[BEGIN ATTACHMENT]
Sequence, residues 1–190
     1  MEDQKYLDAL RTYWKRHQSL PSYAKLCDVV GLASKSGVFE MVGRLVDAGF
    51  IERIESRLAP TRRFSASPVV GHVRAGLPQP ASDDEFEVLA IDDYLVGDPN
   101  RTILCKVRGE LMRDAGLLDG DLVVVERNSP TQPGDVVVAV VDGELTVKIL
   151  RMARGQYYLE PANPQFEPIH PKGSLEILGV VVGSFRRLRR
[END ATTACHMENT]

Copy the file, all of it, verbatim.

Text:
Sequence, residues 1–190
     1  MEDQKYLDAL RTYWKRHQSL PSYAKLCDVV GLASKSGVFE MVGRLVDAGF
    51  IERIESRLAP TRRFSASPVV GHVRAGLPQP ASDDEFEVLA IDDYLVGDPN
   101  RTILCKVRGE LMRDAGLLDG DLVVVERNSP TQPGDVVVAV VDGELTVKIL
   151  RMARGQYYLE PANPQFEPIH PKGSLEILGV VVGSFRRLRR